d Original Contribution
THE THREE-VESSEL VIEW IN THE FETAL MEDIASTINUM IN THE DIAGNOSIS
OF INTERRUPTED AORTIC ARCH
MACIEJ ...
suspected IAA were selected retrospectively from our
electronic database of fetal echocardiograms (File Maker
Pro 4, Micro...
diagnosed with additional cardiac malformations including
ventricular septal defect (n 5 9) and double-outlet right
ventri...
DISCUSSION
The 3VV is easy to obtain and shows a transverse
view of the fetal upper mediastinum, where normally
the obliqu...
of neural crest cell migration. Vogel et al. (2010) demon-
strated that it may be possible to distinguish between
type A a...
Vogel M, Vernon MM, McElhinney DB, Brown DW, Colan SD,
Tworetzky W. Fetal diagnosis of interrupted aortic arch. Am J
Cardi...
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The three vessel view in the fetal mediastinum in the diagnosis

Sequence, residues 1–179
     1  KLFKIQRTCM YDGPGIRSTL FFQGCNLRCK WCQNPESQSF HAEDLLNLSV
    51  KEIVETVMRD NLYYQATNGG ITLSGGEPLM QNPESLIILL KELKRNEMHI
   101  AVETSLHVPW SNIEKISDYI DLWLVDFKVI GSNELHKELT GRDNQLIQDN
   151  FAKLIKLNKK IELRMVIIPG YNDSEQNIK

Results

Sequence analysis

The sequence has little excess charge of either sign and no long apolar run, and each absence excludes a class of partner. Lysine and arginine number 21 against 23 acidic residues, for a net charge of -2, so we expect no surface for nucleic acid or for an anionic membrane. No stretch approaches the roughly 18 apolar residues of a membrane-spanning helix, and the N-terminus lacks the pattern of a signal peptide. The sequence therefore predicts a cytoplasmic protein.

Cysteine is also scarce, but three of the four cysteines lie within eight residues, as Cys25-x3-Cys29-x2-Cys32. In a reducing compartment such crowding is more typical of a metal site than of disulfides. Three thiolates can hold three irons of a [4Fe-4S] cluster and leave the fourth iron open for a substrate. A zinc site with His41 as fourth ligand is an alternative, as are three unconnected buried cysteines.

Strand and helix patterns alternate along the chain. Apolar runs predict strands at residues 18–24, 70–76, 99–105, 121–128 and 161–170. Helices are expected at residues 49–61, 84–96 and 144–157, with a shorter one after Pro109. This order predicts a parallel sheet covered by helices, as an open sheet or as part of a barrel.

1. 1. d Original Contribution THE THREE-VESSEL VIEW IN THE FETAL MEDIASTINUM IN THE DIAGNOSIS OF INTERRUPTED AORTIC ARCH MACIEJ SLODKI,* TOMASZ MOSZURA,y KATARZYNA JANIAK,* ANDRZEJ SYSA,y NEIL S. SELIGMAN,z STUART WEINER,z and MARIA RESPONDEK-LIBERSKA* *Department for Diagnosis and Prevention of Congenital Malformation, Fetal Cardiology Center type C in Lodz, Polish Mother’s Memorial Hospital Research Institute and Medical University of Lodz, Lodz, Poland; y Pediatric Cardiology Department, Polish Mother’s Memorial Hospital Research Institute, Lodz, Poland; and z Division of Maternal-Fetal Medicine, Department of Obstetrics and Gynecology, Jefferson Medical College of Thomas Jefferson University, Philadelphia, PA (Received 10 January 2011; revised 15 April 2011; in final form 4 June 2011) Abstract—Interruption of the aortic arch (IAA) is difficult to detect and diagnose in utero. However, prenatal diag- nosis may be beneficial because IAA is rapidly fatal (median age, 10 d) if left uncorrected. Our objective was to review the direct and indirect echocardiographic markers associated with IAA, focusing on the importance of the three-vessel view (3VV), which is obtained during routine ultrasound examination to rule out malformations. We analyzed the fetal echocardiograms of nine fetuses and compared them with 56 normal controls. In each fetus, there was a large discrepancy between the diameter of the larger, dilated pulmonary artery (PA) and smaller, narrow aortic arch (Ao). The calculated ratio of PA/Ao in fetuses with IAAwas 2.6 ± 0.4 compared with 1.1 ± 0.09 in normal controls (p , 0.0001). The calculated ratio of PA/Ao in fetuses with IAA type Awas 2.1 ± 0.09 and IAA type B 2.9 ± 0.2 (p 5 0.0007). Discrepancy between PA/Ao diameters should raise the suspicion of aortic arch anomalies and a large discrepancy is a nearly pathognomonic sign of IAA type B. (E-mail: majkares@uni.lodz.pl) Ó 2011 World Federation for Ultrasound in Medicine & Biology. Key Words: Interrupted aortic arch, Three-vessel view, Discrepancy, Congenital heart defect. INTRODUCTION Interruption of the aortic arch (IAA) is a rare anomaly in the fetus and neonate that occurs in 3/100,000 live births (Morris and McNamara 1990). IAA was classified in 1959 by Celoria and Patton (1959) into three morpho- logic types: A, B and C, depending on the site of the inter- ruption. In type A, interruption is distal to the left subclavian artery; in type B, interruption is between the left carotid and left subclavian arteries; and in type C, interruption is between the innominate artery and the left carotid artery. Type B is the most common type of IAA, accounting for 65% of cases, whereas types A and C occur less frequently—in 30% and 5%, respectively (Reardon et al. 1984). Other cardiac anomalies are often seen in association with IAA. Ventricular septal defects are commonly seen in association with IAA (Freedom et al. 1977; Marino et al. 1991; Reardon et al. 1984) but IAA can also be associated with complex congenital heart disease (Carotti et al. 2008; Lewin et al. 1997; Reardon et al. 1984), making the diagnosis more difficult. Prenatal detection of IAA by echocardiography has been reported only a few times (Allan et al. 1994; Vogel et al. 2010; Volpe et al. 2003, 2010) and usually as case reports (Marasini et al. 1985; Paladini et al. 1998; Volpe et al. 2002). This condition is difficult to detect and diagnose in utero in even the most experienced tertiary care centers. However, prenatal diagnosis may be beneficial because IAA is rapidly fatal (median age, 10 d) if left uncorrected (Reardon et al.1984). Our objective was to review the direct and indirect echocardiographic markers associated with IAA, focusing on the importance of the three-vessel view (3VV). MATERIALS AND METHODS We analyzed the fetal echocardiograms of nine fetuses with antenatally suspected IAA, in whom the diagnosis was confirmed postnatally by angiography in the first days of life. There were three with type A, five with type B and one with type C IAA. The fetuses with Address correspondence to: Prof. Maria Respondek-Liberska, M.D., Ph.D., Department for Diagnosis and Prevention of Congenital Malformation, Polish Mother’s Memorial Hospital, ul. Rzgowska 281/289, 93-345 Lodz, Poland. E-mail: majkares@uni.lodz.pl 1 Ultrasound in Med. & Biol., Vol. -, No. -, pp. 1–6, 2011 Copyright Ó 2011 World Federation for Ultrasound in Medicine & Biology Printed in the USA. All rights reserved 0301-5629/$ - see front matter doi:10.1016/j.ultrasmedbio.2011.06.002